• July 2013. With a three month old. Love, love, love.  Mini man is a trooper.
  • Convince the parents to travel with us. Somewhere, anywhere. But get away for at least a weekend, at least three generations in tow (we get bonus points if Mimi’s in the loop and adds a fourth generation for us)
  •  Road trip to Montreal, September 2013: boo-yah.  We’re still working on four generations for 2014, but in the meantime we took one heck of a journey with the moms, the baby, and some big goofy grins.
  • Bake bread. Real bread with yeast and kneading and deliciously crusty crust.
  • Pretzel rolls, blizzard 2013: yes!  Not likely to happen again anytime soon.  Delicious, but so is bread from a bakery.
  • Live it up. More often than not. And never regret a second.
  • Success, success, success.  So many smiles, an abundance of laughter, and my fair share of tears.  I wouldn’t trade one single bit of it.

2013, you opened my eyes to a whole new world, so full of love, so devoid of sleep, and so very incredible. Adventure comes in all shapes and sizes, but life lesson of the year told me that the best adventure of all looks a little something like this:

So much.

This year can be summed up with those two words: SO. MUCH.

So much love.

So much growth.

So much learning.

So much joy.

So much sleep.  HA, just kidding on that one.  That would be classified in the so little category.  We’re tired.

But we have so much for which to be thankful.

Oh gosh, so very, very much for which to be thankful.

Happy Thanksgiving from our 34 pound turkey to yours (no, not the James turkey, the REAL turkey – James is only up to 18 pounds. The turkey showed him up without missing a beat…or a beak…no, wait, the beak is missing…whatever).

Pudge Knuckles for life.

Photos on Friday, ehh?

Well, we’re heading to Canada, ehh, yeah, you betcha.  Wait.  Not North Dakota.  Canada.  We’ll leave it at ehh.  Ehh and some photos to ring in a long weekend.

Check out the farmer’s corn:

It’s huge!  Oh wait.

You should have seen the bugs crawling out of it too.  Mmm, savoring the glory of the harvest.

Go Broncos.  And Patriots.  But mostly Patriots despite what this picture implies.

Much better.

 

And we’re off.  Road trip with a five month old.  For the record, it seems like a great idea right now.

We’re hoping for lots of this from the back seat:

Sunday drivers: open farm edition

So we created a goal of becoming Sunday (morning) drivers during football season.  As a means to distract Christopher from the football-induced anxiety he suffers from each Sunday morning and to prevent me from puttering non-stop, we decided that we will take Sunday morning as our time to enjoy and find ways to not simply pass the morning, but to truly enjoy it.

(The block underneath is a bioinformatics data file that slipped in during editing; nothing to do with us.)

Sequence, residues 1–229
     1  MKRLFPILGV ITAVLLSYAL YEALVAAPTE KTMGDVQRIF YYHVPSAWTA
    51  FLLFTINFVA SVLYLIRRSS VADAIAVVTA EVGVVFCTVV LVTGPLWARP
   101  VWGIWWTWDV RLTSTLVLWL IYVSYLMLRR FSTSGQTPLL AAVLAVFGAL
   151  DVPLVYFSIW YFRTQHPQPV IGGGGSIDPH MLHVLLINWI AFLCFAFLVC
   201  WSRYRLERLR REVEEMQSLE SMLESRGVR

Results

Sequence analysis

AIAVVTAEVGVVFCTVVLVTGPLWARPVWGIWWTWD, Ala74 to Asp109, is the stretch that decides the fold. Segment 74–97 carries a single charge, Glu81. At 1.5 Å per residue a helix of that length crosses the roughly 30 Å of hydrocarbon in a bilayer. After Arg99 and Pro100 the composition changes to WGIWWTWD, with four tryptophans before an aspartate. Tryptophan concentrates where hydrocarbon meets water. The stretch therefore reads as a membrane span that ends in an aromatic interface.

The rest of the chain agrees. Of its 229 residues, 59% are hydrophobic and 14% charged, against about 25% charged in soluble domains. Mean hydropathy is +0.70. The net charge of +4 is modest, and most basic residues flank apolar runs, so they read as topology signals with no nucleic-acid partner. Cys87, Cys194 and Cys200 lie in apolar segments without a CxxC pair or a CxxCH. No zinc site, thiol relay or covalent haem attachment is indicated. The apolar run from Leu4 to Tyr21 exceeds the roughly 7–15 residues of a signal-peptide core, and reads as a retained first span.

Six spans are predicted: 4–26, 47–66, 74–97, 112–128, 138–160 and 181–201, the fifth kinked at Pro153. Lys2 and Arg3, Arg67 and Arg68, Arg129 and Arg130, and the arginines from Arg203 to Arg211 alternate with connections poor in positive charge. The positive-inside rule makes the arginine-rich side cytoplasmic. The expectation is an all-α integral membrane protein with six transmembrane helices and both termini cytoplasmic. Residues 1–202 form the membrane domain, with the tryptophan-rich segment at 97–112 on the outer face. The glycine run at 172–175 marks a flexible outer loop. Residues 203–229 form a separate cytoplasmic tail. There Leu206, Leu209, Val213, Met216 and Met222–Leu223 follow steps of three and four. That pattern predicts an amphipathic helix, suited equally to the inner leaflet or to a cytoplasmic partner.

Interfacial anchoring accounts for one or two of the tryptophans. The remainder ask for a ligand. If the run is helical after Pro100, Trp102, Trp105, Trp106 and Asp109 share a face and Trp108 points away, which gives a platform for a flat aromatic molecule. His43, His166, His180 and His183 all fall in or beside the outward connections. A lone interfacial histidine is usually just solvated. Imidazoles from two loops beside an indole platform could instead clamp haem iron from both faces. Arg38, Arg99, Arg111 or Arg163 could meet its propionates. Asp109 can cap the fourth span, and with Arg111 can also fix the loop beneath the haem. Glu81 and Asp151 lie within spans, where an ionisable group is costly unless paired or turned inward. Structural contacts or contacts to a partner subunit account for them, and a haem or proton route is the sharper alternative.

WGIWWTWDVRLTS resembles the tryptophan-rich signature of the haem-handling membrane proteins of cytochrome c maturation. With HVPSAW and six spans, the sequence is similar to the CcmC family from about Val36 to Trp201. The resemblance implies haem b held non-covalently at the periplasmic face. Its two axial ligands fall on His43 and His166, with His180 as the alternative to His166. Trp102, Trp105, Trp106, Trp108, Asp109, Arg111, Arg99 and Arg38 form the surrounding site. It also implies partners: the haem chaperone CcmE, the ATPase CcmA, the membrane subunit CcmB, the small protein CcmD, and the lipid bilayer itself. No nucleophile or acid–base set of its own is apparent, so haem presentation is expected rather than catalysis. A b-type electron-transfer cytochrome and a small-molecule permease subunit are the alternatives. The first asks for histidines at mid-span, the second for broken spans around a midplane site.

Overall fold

Sleepy Sunday morning pre-drivers

Yesterday marked attempt #1, and we can successfully declare the Sunday Drivers victorious.

Our day began early, with a 6:30am wakeup call from the littlest member of the group.  After some coffee for us, milk for him, and a bit of eye rubbing from all three of us, we piled into the car to head west (young grasshopper).  We had our eyes on Route 9 as the means to our end: Chestnut Farms in Hardwick, MA.   Chestnut Farms is where our monthly meat CSA (community supported agriculture) originates.

Back up: earlier this year we signed up for a monthly meat CSA, and since then we have received ten pounds of meat (cow, pig, chicken) fresh from the farm the 2nd Tuesday of each month.  In a word, it is awesome.  So delicious.  Especially the bacon.  Oh, the bacon.

Anyways, Sunday morning we headed west on Route 9, destination Hardwick.  Our first stop of the day was Rutland State Park for a brief stroll through the woods, by a pond, through more woods, and back to the car.  As Sunday was the first of my favorite types of fall days – crisp yet still warm air, cool breezes, shining blue sky – our walk through the woods was a delight.  We finished it off with a snack at the car – all three of us – before piling back in to continue our journey.

Next up was the Hardwick Farmer’s Market, pleasantly located on Hardwick’s town green.  We stocked up on beets, rainbow chard, poblano chiles, hearty breads from a local bakery, and some hermits to satisfy a sweet tooth.  And then we carried on smartly – next stop, the farm!

Let me pause here for a minute.  I’m fairly certain that at this point in time it was still before 11am.  No one can accuse us of wasting a day (remember, these are pre-football Sunday drives).

So the farm: it was a delight!  We wandered around, visited the new chicks, saw a few piglets (including the runt – he was so cute, poor little baby bacon), hung out in the fields, and sat under a shady tree.  Oh, we also saw our Thanksgiving dinner – s/he was busy growing into a delicious dinner, entirely oblivious to what is to come.

Anyways, after the farm we climbed back in the car to head home, Sunday drive complete.  We arrived home just in time for the end of the first games (we’re new to this and our timing wasn’t as great as it could be).  Thoroughly exhausted, we spent our afternoon watching football, cooking the bounty from the farmer’s market, eating the bounty from the farmer’s market, and relishing in the success of our first Sunday drive.

See you at Thanksgiving dinner, Turkey.